Fracture, by Andres Neuman
Mr. Yoshie Watanabe, a former electronics company executive and a survivor of the atomic bomb, has always lived like a fugitive from his own memories. He’s spent decades traveling the world, making a life in different languages, only to find himself home again, living in Tokyo in his old age. On the afternoon of March 11, 2011, Watanabe, like millions of others, is stunned by powerful tremors. A massive earthquake has struck to the north, triggering the Fukushima nuclear disaster―and a stirring of the collective past. As the catastrophe unfolds, Watanabe’s mind, too, undergoes a tectonic shift. With his native land yet again under nuclear threat, he braces himself to make the most surprising decision of his nomadic life.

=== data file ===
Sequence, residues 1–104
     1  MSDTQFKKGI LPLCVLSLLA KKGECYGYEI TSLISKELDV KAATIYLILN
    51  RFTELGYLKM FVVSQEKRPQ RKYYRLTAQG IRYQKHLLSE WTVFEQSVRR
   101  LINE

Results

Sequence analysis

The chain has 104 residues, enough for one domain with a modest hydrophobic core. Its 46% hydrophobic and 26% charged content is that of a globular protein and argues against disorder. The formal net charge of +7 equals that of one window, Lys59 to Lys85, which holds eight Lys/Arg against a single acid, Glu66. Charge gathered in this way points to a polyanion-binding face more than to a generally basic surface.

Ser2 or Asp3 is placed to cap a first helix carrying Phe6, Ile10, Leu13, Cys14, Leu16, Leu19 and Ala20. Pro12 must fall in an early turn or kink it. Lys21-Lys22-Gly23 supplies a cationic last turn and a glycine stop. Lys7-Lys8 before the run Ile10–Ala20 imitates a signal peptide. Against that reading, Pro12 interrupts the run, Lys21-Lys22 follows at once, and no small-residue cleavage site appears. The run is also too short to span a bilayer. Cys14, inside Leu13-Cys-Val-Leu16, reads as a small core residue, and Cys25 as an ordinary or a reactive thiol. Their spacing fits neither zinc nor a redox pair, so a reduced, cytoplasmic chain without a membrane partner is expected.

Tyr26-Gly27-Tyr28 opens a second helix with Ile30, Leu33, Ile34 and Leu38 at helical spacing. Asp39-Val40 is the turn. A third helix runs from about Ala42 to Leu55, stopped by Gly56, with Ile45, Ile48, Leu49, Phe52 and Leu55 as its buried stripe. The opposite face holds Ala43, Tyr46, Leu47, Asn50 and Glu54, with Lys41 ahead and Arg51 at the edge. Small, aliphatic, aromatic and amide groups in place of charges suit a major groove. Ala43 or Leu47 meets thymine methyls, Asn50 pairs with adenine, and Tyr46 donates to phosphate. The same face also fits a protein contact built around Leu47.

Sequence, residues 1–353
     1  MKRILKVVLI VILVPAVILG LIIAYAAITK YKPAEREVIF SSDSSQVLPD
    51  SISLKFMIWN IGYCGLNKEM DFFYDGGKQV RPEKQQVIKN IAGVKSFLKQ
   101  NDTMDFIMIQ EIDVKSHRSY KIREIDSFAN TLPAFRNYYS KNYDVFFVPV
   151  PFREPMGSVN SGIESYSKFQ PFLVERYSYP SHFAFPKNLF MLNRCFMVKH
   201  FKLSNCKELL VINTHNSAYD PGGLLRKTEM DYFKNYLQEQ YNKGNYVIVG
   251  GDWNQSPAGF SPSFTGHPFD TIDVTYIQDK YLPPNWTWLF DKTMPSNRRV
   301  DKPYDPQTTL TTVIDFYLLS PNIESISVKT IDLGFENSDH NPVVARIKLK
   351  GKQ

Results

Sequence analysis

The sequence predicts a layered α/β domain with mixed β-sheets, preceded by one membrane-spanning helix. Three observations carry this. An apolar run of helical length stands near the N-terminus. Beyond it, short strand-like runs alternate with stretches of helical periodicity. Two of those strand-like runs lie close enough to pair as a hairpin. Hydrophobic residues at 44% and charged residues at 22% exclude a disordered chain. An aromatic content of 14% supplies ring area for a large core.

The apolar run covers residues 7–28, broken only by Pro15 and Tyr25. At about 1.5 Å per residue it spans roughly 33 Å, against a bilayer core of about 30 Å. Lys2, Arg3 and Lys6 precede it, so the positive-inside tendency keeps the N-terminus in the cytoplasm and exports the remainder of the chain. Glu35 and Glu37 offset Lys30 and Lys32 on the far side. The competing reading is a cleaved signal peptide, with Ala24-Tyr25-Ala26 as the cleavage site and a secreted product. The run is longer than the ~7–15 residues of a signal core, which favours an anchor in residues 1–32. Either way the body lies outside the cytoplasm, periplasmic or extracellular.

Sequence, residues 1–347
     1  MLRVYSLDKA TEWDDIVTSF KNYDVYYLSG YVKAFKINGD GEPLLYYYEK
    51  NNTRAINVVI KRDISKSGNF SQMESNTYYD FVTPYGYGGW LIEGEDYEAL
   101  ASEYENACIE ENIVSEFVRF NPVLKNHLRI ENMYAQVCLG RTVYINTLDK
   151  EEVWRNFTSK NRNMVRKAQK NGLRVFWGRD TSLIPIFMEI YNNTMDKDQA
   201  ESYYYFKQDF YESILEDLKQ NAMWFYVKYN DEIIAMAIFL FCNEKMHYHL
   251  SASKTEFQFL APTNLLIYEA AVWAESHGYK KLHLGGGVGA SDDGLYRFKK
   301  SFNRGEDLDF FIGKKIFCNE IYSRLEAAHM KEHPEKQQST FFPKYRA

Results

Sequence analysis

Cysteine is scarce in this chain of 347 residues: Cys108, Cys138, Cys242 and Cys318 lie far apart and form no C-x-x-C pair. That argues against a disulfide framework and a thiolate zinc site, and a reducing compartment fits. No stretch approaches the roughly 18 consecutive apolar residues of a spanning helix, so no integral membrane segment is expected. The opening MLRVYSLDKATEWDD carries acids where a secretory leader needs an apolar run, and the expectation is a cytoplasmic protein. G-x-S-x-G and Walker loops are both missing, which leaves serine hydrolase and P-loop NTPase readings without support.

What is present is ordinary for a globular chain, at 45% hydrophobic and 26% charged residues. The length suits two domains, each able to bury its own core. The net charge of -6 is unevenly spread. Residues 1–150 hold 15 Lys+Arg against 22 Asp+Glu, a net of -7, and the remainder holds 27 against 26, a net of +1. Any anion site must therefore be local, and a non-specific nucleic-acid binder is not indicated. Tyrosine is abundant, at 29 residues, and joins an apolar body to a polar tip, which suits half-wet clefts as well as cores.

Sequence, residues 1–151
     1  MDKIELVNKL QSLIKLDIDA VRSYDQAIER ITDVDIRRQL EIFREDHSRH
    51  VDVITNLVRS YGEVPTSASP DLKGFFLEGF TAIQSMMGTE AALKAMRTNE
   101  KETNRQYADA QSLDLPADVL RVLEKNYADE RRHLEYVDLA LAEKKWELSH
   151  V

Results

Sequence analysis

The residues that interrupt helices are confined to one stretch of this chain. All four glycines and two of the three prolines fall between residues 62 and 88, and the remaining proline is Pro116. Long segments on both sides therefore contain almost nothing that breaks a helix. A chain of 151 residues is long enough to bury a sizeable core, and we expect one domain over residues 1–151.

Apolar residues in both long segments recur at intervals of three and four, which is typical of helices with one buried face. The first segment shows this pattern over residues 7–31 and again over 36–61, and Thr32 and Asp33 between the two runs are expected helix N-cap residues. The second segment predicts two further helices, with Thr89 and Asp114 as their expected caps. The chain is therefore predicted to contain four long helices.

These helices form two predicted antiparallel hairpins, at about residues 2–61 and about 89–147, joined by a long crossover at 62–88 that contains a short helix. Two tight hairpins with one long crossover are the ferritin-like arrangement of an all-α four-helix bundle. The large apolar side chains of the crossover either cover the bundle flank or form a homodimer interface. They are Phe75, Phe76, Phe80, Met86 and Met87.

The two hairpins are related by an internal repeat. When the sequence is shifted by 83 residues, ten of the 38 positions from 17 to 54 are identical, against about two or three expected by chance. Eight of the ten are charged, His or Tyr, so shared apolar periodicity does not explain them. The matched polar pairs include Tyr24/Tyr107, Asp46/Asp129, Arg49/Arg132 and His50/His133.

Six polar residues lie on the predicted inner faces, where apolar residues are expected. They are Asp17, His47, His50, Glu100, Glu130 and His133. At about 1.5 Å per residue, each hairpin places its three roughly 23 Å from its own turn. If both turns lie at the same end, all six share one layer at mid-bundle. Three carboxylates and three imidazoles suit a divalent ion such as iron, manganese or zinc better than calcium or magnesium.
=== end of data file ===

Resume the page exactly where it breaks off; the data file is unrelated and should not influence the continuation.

Meanwhile, four women who have known him intimately at various points in time narrate their stories to a strangely obsessive Argentinian journalist. Their memories, colored by their respective cultures and describing different ways of loving, trace sociopolitical maps of Paris, New York, Buenos Aires, and Madrid over the course of the twentieth century. The result is a metalingual, border-defying constellation of fractures in life and nature―proof that nothing happens in only one place, that every human event reverberates to the ends of the earth.
With unwavering empathy and bittersweet humor, and facing some of the most urgent environmental concerns of our time, Andrés Neuman’s Fracture is a powerful novel about the resilience of humankind, and the beauty that can emerge from broken things.